A last-minute reprieve for Twinkies?

  • Andy Wagar loads Twinkies, Ho-Hos and Cup Cakes into a van outside the Wonder Bakery Thrift Shop in Bellingham, Wash., on Nov. 16, 2012, after Hostess Brands Inc. said it would shutter is operations after years of struggling with management turmoil, rising labor costs and the ever-changing tastes of Americans. (Assocated Press/The Bellingham Herald)Andy Wagar loads Twinkies, Ho-Hos and Cup Cakes into a van outside the Wonder Bakery Thrift Shop in Bellingham, Wash., on Nov. 16, 2012, after Hostess Brands Inc. said it would shutter is operations after years of struggling with management turmoil, rising labor costs and the ever-changing tastes of Americans. (Assocated Press/The Bellingham Herald)
  • A cashier rings up boxes of Hostess Twinkies and Cup Cakes at the Hostess Brands' bakery in Denver on Nov. 16, 2012. (Associated Press)A cashier rings up boxes of Hostess Twinkies and Cup Cakes at the Hostess Brands' bakery in Denver on Nov. 16, 2012. (Associated Press)
  • **FILE** Twinkies baked goods are displayed for sale Nov. 16, 2012, at the Hostess Brands' bakery in Denver. (Associated Press)**FILE** Twinkies baked goods are displayed for sale Nov. 16, 2012, at the Hostess Brands' bakery in Denver. (Associated Press)
  • **FILE** This 2003 photo originally released by Interstate Bakeries Corporation shows Twinkies cream-filled snack cakes. Twinkies first came onto the scene in 1930 and contained real fruit until rationing during World War II led to the vanilla cream Twinkie. (Associated Press/Interstate Bakeries Corporation via PRNewsFoto)**FILE** This 2003 photo originally released by Interstate Bakeries Corporation shows Twinkies cream-filled snack cakes. Twinkies first came onto the scene in 1930 and contained real fruit until rationing during World War II led to the vanilla cream Twinkie. (Associated Press/Interstate Bakeries Corporation via PRNewsFoto)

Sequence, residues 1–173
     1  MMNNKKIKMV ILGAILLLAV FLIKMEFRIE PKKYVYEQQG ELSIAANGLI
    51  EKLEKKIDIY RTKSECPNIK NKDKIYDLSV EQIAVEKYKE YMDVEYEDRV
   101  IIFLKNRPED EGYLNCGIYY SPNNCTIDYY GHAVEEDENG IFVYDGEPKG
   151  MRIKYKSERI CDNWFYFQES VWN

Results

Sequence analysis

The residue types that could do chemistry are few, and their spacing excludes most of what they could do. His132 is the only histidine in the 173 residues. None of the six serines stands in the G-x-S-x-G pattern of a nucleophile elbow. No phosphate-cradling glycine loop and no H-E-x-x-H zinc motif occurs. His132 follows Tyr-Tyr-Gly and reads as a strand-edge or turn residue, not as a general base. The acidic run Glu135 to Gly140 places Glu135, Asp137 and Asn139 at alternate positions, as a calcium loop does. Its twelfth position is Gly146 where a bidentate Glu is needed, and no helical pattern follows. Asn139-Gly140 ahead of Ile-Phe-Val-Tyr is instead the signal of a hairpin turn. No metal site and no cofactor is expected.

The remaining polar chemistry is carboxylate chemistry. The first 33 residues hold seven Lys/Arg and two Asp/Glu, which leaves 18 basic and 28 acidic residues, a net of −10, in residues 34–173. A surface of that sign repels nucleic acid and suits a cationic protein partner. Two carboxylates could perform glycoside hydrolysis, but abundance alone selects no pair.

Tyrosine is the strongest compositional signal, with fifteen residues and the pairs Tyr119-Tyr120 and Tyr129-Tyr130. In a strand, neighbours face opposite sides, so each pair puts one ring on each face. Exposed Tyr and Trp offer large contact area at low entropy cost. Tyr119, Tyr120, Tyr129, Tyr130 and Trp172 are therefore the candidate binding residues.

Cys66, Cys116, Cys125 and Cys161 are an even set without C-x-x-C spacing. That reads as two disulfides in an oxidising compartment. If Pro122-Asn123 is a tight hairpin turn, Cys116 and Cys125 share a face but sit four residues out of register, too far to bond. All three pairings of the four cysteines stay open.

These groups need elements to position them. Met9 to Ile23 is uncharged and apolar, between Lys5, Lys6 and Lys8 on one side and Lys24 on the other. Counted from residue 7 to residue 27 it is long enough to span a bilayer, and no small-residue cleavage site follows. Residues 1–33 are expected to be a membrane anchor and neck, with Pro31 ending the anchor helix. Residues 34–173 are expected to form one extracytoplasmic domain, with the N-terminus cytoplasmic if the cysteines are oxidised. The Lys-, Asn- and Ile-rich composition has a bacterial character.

• **FILE** A fried Twinkie is shown at ROXX Tavern in Atlanta on Nov. 16, 2012. (Associated Press)**FILE** A fried Twinkie is shown at ROXX Tavern in Atlanta on Nov. 16, 2012. (Associated Press)
  • People wait in line to get into the Hostess Thrift Shop in Ogden, Utah, on Nov. 16, 2012. (Associated Press/Standard-Examiner)People wait in line to get into the Hostess Thrift Shop in Ogden, Utah, on Nov. 16, 2012. (Associated Press/Standard-Examiner)